HUC president-elect to expand technology, innovation

Rabbi Aaron Panken, the newly announced president-elect of Hebrew Union College-Jewish Institute of Religion (HUC-JIR), said just days after being named that he hopes to bring a fresh perspective to the Reform movement’s academic home by marrying technology, creativity and a renewed commitment to Reform values, including at the HUC-JIR Los Angeles campus.

“I think L.A. is a really fertile place for the development of progressive Jewish life,” Panken said during a phone interview on Aug. 1, a day after his appointment was announced by the HUC-JIR board of governors. Panken takes on his new role on Jan. 1, succeeding Rabbi David Ellenson, a former dean at the L.A. campus who has been president since 2001 and will become chancellor.

As president of HUC-JIR, Panken will serve in the top leadership position — chief executive officer — of the international university and Reform seminary’s four campuses, which are located in Los Angeles, Cincinnati, Jerusalem and New York. 

Panken’s experience with HUC-JIR dates back to the mid-1990s. At HUC-JIR, he has served as vice president for strategic initiatives, dean of the New York campus and dean of students. He joined the Reform seminary’s faculty in 1995, and he currently serves as an assistant professor of rabbinic and Second Temple literature.

But it is his tech-savvy background that, in many ways, is expected to inform the way he leads. Unlike most rabbis, who tend to gravitate toward the humanities and social sciences as undergraduates, Panken’s first degree was in electrical engineering from Johns Hopkins University. (He is also a licensed commercial pilot.)

He said such interests have led him to look at increasing the role technology plays in shaping HUC-JIR’s programming.

“The religious scene is changing in North America, and we will have to try some new interesting initiatives to attract and retain people and develop an exciting and innovative Jewish community,” he said.

Panken will become the 12th president in the seminary’s 138-year history, and he praised his predecessor’s achievements in bringing in top-tier faculty, highly motivated students and turning HUC-JIR into what he called a “first-rate Jewish intellectual center.” 

It is a legacy that he would like to continue, he said.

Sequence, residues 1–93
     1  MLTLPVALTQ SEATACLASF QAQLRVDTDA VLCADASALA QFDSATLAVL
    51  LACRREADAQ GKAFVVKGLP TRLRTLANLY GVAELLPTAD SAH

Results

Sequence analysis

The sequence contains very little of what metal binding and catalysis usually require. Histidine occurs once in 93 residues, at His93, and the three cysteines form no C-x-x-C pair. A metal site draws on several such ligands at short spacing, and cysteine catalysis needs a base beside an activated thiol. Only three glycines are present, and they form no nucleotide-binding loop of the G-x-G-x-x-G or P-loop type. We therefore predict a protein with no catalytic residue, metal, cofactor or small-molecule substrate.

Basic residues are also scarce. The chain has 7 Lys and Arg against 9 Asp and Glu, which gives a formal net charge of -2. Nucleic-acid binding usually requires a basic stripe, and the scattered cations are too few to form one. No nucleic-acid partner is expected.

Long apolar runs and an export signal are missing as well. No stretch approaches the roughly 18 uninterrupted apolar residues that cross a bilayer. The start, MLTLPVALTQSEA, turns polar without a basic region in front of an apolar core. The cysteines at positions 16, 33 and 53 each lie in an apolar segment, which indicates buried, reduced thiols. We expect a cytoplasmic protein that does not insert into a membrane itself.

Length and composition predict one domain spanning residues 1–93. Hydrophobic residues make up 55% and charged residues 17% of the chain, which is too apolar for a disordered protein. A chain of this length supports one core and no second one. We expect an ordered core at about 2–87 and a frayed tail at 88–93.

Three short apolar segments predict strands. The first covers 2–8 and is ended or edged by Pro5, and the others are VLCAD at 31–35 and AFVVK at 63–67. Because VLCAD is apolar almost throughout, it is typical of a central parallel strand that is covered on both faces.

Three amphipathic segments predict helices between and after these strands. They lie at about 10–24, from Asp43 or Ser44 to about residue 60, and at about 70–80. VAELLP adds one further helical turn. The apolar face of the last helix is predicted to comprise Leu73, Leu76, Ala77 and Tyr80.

But new challenges lie ahead, including finding ways to reach and engage a generation of young Jews “reluctant to form connections with centralized institutions and organizations,” Panken said.

“The question is, how can synagogues, schools and seminaries think carefully about how to reach out to individuals who have real religious needs but don’t always feel compelled to be connected,” Panken said.

As examples of new methods and approaches he pointed to a synagogue in a large metropolitan area that, after hiring a recent HUC-JIR graduate, told the new rabbi to spend less time in the synagogue and more time in cafes, bookstores and coffee shops, meeting Jews where they actually spend their time. Another freshly minted HUC-JIR graduate is establishing a liberal Jewish mikveh.

“It’s this kind of innovation and creativity that keeps Judaism exciting and alive and attractive to a lot of people,” he said.

Panken, 49, earned his doctorate in Hebrew and Judaic studies from New York University and serves on the faculty for the Wexner Foundation, the editorial board of Reform Judaism magazine, the Birthright education committee and the Central Conference of American Rabbis ethics committee. His journey with the Reform movement began at a New York Reform synagogue’s nursery school when he was 3 years old, and he said he has never looked back.

“That kind of meaningful relationship that you can form within a religious community has really shaped my life,” he said. “And if I can in any way help my students and help the rest of the Jewish community benefit and grow that kind of wonderful religious community, then that’s exactly what I want to be doing with my life.”

One challenge Panken won’t have is making sure the institution is financially solvent. In 2008, the nationwide recession hit the school hard, even threatening for a brief time the closure of the Hebrew Union’s L.A. campus, but thanks in part to the efforts of Ellenson and Josh Holo, dean of the L.A. campus, HUC-JIR is now financially stable, Panken said.

Panken praised all that Ellenson has brought to the table — including inspiring the movement to value Torah study and stressing the importance of studying theology, philosophy and ethics in engaging the modern Jewish world, he said — while acknowledging ways that they are different from each other.

“There are certain ways that I think in terms of technology, in terms of outreach that are maybe a little bit different,” he said.

And, with the seminary’s books in order, Panken can focus his energy upon what really matters to him.

“I think we can focus on mission and vision and the kind of important things we care about,” he said, “as opposed to worrying about closure and things like that.”